LIT university a ‘long-term strategy’ says president

Alan Owens

Reporter:

Alan Owens

LIMERICK Institute of Technology has insisted that its proposal to establish a technological university is a “long-term strategy” and that it is putting in place measures to ensure that staffing qualifications will meet the requirements of such a proposal.

LIMERICK Institute of Technology has insisted that its proposal to establish a technological university is a “long-term strategy” and that it is putting in place measures to ensure that staffing qualifications will meet the requirements of such a proposal.

LIT, Cork Institute of Technology (CIT) and Institute of Technology Tralee (IT Tralee) announced recently that they, along with groupings of other ITs across the country, would be joining to create technological universities - in LIT’s case, the Munster Technological University.

However, a report in the Irish Examiner this week suggested that the chances of any of the ITs becoming colleges ‘look slim’ because some need to more than double their number of staff holding PhDs.

Criteria published by the Higher Education Authority last month has indicated that such qualification would require 45% of staff to hold PhDs and 90% of staff to hold a Level 9 qualification - a master’s degree or equivalent.

The number of staff with PhDs in LIT is at 14%.

LIT president Dr Maria Hinfelaar was not available for comment as she was travelling to the United States of America, but a spokesperson said the MTU proposal was “a long-term strategy”.

“We knew that we would fall short [of the criteria], as do most of the other ITs as well, but it is a long term thing, obviously we are going to put in place a programme for professional development so it will be a long term thing,” said the spokesperson.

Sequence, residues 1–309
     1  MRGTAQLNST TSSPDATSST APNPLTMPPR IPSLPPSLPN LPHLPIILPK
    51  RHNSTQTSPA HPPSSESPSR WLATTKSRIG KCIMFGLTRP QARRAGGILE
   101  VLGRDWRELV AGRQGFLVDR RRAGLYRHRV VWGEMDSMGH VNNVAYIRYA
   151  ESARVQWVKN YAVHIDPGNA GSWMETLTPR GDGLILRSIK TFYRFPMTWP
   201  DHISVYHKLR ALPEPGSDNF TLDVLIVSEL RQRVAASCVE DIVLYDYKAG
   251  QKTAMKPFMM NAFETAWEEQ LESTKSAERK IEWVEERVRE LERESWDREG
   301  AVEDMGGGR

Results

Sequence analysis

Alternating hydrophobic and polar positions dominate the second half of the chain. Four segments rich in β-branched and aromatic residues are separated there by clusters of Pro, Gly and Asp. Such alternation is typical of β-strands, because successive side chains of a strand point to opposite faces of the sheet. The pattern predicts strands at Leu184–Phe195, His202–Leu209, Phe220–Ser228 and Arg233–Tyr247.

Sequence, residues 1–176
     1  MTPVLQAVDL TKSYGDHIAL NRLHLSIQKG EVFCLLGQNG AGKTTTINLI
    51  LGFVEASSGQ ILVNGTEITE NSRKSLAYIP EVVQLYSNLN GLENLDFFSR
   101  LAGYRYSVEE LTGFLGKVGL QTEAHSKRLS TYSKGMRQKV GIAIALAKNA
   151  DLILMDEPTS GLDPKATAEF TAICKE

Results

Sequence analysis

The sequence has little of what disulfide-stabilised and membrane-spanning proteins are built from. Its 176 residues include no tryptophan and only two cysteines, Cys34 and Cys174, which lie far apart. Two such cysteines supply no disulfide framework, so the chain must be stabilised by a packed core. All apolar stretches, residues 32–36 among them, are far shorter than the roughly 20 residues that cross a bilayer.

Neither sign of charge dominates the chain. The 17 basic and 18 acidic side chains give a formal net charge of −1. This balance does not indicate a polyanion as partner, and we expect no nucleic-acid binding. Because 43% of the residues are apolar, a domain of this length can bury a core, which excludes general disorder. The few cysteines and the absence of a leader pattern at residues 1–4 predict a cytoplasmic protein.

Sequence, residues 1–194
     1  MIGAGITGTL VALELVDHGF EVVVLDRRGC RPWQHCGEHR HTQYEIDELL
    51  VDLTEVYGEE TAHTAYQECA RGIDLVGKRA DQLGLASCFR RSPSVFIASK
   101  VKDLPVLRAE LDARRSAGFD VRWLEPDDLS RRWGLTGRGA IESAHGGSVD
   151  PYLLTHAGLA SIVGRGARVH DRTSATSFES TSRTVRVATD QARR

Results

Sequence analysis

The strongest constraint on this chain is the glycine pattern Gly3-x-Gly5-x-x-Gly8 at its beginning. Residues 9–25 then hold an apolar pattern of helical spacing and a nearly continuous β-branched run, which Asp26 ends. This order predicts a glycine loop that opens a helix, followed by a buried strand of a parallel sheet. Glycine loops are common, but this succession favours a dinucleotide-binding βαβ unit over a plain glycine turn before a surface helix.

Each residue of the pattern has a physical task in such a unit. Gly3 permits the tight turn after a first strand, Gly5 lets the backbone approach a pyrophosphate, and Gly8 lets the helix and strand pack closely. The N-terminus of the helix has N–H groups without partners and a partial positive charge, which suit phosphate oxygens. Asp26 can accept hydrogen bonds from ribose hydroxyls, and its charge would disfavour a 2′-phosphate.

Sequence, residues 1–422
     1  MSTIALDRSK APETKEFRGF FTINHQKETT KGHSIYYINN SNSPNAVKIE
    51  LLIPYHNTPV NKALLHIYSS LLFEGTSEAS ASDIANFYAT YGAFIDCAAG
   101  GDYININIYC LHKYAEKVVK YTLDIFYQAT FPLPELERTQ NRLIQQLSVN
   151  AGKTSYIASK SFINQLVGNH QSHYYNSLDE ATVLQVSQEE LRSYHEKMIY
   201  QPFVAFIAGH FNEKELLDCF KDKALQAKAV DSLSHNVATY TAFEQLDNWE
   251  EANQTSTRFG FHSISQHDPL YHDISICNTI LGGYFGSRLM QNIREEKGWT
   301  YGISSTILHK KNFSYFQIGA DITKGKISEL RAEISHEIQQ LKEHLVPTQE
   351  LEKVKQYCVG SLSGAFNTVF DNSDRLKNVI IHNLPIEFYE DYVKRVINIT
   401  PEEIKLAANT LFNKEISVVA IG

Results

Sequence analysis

“In the future, perhaps five years time, hopefully our figures might be up there so we meet the criteria.”

Dr Hinfelaar told the Limerick Leader in a recent interview that she was aware of the fact that there would “be quite stringent requirements for academic staff, in terms of their qualifications, that a fairly high percentage would have to have PhDs”.

“Where that bar will be, speculation would be around 45% - which none of us would come anywhere near. So you have to put in place a programme for professional development and we do have a number of academic staff taking PhDs, but until they qualify they won’t count towards that,” she explained.

However Dr Hinfelaar was confident that a programme of professional development would increase that number and declared herself “100 % confident” the proposal would go ahead.

“I don’t know how long it will take, but yes, we will get there. This is certainly key to LIT’s further development and continuing relevancy,” she declared.